dash dash force Misadventures in software engineering

Finding a changed string in Git history

“I swear this css rule must have been used for something. Where did its HTML code go?” A question that lead me to a cool Git feature I didn’t know existed. git log -S.

While investigating some styling issues on one of my companies webpages I came across some CSS code that contained exactly the rules to fix the problem I was trying to solve but yet were tied to a div id that simply didn’t exist in the code base at that moment. Suspicious.

The page in question contained a fairly complex input form. It was dynamic and SPA like in nature and contained a table that would list out files to be uploaded. And its commit history in just the last month was significant as it contained a feature being actively developed, making just scrolling through the commits a bit of a slog. The HTML code looked something like this:

<form id="input-form">
  <div id="outer-wrapper-form">
    <div id="form-inputs">
    ... Lots of inputs and checkboxes
    <div id="input-files">
      <table id="misbehaving-table">
      ... table contents

And sure enough in our SCSS code there were a set of rules for misbehaving-table that looked like they should fix the problem…but weren’t applying. These rules were nested in a larger specifier rule for a div that didn’t exist, kind of like this:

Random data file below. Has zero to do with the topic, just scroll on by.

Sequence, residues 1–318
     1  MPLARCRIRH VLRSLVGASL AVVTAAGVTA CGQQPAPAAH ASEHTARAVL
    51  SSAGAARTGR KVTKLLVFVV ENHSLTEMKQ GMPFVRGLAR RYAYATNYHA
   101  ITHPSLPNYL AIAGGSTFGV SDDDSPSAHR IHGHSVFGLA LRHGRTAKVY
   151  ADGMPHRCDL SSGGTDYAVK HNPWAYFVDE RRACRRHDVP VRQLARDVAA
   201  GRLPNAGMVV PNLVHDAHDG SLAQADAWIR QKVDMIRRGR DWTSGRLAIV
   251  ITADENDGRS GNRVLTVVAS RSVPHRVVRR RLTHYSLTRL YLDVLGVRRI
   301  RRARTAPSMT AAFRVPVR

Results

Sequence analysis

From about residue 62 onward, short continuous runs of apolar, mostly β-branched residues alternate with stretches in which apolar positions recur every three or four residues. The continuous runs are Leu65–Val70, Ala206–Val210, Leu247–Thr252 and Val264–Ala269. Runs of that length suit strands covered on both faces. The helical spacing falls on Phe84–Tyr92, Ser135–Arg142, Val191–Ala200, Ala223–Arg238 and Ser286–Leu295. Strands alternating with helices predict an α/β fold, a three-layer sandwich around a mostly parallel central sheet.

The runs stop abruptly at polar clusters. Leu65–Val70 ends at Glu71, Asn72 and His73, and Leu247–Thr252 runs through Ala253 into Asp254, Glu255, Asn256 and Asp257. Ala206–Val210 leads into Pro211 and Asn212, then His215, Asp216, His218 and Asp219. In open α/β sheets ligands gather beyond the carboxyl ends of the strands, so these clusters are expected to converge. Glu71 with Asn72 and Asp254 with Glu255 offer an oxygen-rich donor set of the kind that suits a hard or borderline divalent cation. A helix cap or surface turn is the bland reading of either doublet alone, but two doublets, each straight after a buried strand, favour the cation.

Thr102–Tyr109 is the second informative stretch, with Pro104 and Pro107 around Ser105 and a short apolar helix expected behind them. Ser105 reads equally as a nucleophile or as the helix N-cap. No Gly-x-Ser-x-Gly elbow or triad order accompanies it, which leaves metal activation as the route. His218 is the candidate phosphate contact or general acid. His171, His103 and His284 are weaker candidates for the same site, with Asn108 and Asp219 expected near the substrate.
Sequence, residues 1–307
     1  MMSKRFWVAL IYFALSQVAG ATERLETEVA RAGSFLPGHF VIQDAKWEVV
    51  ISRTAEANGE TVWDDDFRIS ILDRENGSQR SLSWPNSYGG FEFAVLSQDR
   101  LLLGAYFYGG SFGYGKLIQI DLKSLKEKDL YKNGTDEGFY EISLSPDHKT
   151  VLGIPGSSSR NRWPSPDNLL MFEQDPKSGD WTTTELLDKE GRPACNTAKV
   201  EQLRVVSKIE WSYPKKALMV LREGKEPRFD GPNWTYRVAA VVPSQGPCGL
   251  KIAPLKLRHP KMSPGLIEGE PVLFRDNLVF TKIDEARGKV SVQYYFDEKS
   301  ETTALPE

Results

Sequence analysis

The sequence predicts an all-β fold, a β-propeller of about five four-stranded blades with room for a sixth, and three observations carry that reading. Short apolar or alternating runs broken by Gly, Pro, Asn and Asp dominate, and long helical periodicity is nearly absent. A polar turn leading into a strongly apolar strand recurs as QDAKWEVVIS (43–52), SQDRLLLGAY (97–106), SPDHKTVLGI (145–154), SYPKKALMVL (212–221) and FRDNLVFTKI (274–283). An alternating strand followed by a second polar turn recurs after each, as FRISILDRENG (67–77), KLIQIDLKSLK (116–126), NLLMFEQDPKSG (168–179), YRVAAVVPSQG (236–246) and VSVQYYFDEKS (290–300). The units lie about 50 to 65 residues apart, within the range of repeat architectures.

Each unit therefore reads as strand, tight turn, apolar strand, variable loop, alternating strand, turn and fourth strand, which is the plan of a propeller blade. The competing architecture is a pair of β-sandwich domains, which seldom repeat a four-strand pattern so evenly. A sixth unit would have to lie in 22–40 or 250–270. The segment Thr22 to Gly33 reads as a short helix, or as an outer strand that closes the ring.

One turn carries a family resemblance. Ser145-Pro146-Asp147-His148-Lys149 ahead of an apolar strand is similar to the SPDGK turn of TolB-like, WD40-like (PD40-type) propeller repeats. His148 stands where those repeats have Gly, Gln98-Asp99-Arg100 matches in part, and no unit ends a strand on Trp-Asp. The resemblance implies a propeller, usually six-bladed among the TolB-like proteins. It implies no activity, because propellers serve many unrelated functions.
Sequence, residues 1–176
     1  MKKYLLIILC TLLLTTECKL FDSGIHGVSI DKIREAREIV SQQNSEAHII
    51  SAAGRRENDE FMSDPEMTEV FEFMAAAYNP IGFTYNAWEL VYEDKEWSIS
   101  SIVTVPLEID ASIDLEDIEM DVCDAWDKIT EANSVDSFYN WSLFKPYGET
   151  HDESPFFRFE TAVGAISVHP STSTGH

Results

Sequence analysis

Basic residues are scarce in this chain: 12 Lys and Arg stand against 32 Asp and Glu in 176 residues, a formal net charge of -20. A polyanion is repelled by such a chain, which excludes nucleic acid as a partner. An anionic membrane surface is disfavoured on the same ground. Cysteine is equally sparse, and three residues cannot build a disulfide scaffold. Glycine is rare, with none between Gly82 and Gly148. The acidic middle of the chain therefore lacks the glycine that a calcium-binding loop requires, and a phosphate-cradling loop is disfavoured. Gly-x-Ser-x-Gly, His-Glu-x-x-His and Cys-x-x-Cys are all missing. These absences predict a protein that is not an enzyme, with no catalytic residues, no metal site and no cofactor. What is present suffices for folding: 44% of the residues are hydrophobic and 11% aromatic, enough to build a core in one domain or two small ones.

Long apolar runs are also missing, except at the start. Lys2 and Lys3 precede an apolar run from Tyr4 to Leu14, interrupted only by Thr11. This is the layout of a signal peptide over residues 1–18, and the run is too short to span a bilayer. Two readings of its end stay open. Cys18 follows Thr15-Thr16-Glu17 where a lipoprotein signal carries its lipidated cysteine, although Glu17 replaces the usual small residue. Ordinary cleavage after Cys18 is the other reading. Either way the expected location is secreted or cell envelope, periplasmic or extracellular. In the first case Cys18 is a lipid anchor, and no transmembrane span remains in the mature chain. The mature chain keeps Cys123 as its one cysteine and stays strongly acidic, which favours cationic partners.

#div-that-didnt-exist {
    //some other rules
    #misbehaving-table {
        // rules that would fix it

So what happened to #div-that-didnt-exist? Besides inferring that it was a wrapper around #misbehaving-table how else was it set up? Any other children? When did it get deleted / changed? How long has this been broken?

Down the Git documentation rabbit hole I went.

What I found was this really cool command log -S that allows you to search for a particular string of characters that changed somewhere between commits in the history of a repo.

git log -S<string>

So in my case I ran:

git log-Sdiv_that_didnt_exist

And up came a list of commits that involved changes with that exact div id in them and no other commits. Right away I was able to find the commit hash where it was deleted. From there I could see what the HTML code looked like before and was able to reconstruct the page to a working state.

A working example of its output can be seen here where I am running a search for changes involving the string “nav_bar” in one of my old side projects:


Happy Git history searching!